The Boards Are Back

A project log for LED Matrix Display

Putting some surplus LiteOn LTP2558AA modules to use

BharbourBharbour 08/27/2020 at 12:390 Comments

The last 3 of the rev 1.1 boards are back from OSH Park and assembled. The chassis that I designed for 9 displays is now populated and looks good.

Fully Populated Display Panel
Fully Populated Display Panel

I started working on the application code for using these beasts while I was waiting for the boards to come back. It will be a GPS driven clock. I also built a breakout board for an ambient light sensor chip to use for automatically dimming the clock.

In the previous log file, I mentioned doing a PCB for a different driver chip that would be a less expensive board. After totalling the costs on the bill of materials, the new boards come out at about 40% of the cost of the rev 1.1 boards.

The new PCB design is a 2 layer board because there is a lot less routing with a single chip than 3 chips, and the heat sinking did not appear to be the problem I was expecting on the original design. Using only 2 layers reduced the cost of the PCB by 50% . A single jumper wire was needed to route one signal on 2 layers, so that one blue wire is a feature, not a mistake :)

Prototype boards for the new design came back from OSH Park and assembled easily enough. I took care of several convenience issues with the new design like having jumper selectable address and terminator enable. To keep size down on the jumpers, I used the 1.27mm header and shunt blocks.

Component Side of New Driver Board Design
Component side of new driver board design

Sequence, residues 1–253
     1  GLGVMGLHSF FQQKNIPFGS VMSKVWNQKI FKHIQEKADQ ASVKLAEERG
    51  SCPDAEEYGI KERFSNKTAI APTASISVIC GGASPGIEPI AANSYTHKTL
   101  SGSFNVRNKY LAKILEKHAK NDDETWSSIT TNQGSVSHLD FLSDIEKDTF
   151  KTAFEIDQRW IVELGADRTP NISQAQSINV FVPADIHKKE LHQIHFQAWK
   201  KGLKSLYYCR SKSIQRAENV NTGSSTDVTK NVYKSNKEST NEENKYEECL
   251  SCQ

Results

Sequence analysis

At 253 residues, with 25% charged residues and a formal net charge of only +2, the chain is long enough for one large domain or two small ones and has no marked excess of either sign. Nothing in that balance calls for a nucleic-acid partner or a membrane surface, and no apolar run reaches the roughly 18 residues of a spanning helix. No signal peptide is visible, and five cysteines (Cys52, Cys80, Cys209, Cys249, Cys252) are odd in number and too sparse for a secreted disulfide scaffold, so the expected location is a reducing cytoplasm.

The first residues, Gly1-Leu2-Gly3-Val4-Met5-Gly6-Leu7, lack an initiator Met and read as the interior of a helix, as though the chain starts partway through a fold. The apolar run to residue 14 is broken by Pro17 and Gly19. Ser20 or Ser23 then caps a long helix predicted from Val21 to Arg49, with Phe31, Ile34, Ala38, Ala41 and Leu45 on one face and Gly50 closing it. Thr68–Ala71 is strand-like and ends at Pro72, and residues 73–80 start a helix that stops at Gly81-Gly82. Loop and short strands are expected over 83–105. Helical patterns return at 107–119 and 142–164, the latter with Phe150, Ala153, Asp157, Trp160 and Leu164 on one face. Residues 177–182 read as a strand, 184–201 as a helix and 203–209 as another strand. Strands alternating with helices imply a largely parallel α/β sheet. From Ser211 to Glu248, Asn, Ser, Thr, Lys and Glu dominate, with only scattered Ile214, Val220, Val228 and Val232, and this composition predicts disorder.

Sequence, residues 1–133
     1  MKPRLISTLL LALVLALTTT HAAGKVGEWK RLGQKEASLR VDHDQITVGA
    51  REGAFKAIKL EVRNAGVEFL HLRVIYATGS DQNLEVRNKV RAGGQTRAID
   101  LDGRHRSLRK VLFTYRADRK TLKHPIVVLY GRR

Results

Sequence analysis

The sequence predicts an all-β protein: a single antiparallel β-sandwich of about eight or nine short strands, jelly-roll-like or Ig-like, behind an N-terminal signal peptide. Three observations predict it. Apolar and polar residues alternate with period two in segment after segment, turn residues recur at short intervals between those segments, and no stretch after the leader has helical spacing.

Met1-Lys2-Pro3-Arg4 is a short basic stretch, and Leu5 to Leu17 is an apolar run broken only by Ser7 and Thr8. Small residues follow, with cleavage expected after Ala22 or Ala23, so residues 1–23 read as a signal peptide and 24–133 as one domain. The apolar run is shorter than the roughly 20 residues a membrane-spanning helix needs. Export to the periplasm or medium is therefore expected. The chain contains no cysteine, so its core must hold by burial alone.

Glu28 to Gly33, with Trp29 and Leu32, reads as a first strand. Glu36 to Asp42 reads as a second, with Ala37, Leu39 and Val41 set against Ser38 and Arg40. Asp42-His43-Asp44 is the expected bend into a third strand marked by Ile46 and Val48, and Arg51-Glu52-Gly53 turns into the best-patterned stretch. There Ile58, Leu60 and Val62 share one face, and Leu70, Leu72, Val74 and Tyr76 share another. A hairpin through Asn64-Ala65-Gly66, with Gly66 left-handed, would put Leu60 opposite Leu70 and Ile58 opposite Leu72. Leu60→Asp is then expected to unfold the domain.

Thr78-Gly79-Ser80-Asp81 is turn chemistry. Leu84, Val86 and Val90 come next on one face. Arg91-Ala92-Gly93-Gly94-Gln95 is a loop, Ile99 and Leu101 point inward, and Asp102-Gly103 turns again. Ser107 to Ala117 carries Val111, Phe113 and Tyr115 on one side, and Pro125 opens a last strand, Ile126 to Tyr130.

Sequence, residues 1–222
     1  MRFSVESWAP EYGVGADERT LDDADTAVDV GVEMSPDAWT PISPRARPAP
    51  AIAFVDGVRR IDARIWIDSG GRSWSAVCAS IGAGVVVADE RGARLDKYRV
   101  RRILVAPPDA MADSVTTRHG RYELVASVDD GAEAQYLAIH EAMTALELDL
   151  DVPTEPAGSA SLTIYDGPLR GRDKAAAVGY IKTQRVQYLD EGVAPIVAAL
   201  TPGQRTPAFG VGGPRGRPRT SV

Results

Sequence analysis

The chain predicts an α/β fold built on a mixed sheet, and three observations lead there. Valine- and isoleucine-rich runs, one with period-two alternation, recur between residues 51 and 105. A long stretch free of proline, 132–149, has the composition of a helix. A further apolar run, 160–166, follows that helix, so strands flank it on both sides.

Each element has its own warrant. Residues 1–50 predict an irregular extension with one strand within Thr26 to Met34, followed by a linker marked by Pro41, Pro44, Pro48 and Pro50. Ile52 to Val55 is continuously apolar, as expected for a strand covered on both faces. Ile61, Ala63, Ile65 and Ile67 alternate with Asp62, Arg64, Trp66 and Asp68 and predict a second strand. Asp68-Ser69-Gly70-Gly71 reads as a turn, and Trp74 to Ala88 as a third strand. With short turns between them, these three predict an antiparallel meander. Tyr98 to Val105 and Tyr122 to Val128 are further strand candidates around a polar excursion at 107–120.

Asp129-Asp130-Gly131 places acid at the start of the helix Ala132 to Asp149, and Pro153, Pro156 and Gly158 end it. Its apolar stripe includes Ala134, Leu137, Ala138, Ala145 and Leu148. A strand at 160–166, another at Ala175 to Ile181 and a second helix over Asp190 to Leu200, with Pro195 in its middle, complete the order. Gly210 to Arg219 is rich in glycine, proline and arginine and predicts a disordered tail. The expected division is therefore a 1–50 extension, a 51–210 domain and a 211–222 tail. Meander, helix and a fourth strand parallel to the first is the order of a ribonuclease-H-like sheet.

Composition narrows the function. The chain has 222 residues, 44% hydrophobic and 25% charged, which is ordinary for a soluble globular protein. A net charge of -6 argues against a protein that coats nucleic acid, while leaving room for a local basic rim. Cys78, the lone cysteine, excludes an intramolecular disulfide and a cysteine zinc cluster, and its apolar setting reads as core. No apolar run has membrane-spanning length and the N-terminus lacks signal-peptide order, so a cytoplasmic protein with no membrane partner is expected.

Assembled Display Module
Assembled display module.

Because of the way the matrices of LEDs are implemented in the LiteOn displays, I had to rotate the matrix of the green LEDs by 90 degrees. The red matrix is wired as a common cathode matrix. If the green matrix had been wired as a common anode matrix, it would have matched the intended configuration of the IS32FL3730 chips, but no joy. The displays have two 5x8 common cathode matrices, one red and one green. I wound up connecting the red matrix in the conventional way and connecting the green matrix with the column driver outputs connected to the LED row inputs and the row driver outputs connected to the LED column inputs. This effectively rotates the green matrix 90 degrees. In use, the time penalty of rotating the character generator matrix 90 degrees while updating the display is probably more of a problem than the space incurred with a second character generator data set, so a second character generator data set with the data already rotated will solve that problem.

Rotating the matrix also has some implications about current control when multiple LEDs are lit in a single column,  but that needs more testing to see if it will be a problem. I have a home written tool that allows sending I2C write transactions controlled by a simple text file with a lot of flexability. It uses the Total Phase Systems Aardvark to go from USB to I2C, SPI or GPIO. The tool called VarkBlaster is useful for exploring configuration and control of parts like this. I wrote a few scripts that drive the display with varying numbers of LEDs lit per row and per column, and there was no difference visible to me in the LED itensity.

Using the character generator array that I developed for the rev 1.1 IS32FL3738 based boards, I wrote a tool that translates that into the register bit formats for the two matrices in the IS31FL3730 chips and displayed a couple of characters from each array to sanity check it. So far so good. The character generator arrays form a lookup table mapping ASCII code to register values to display the character. In general, the brightness seems a little low but I have not started experimenting with the LED current control register yet.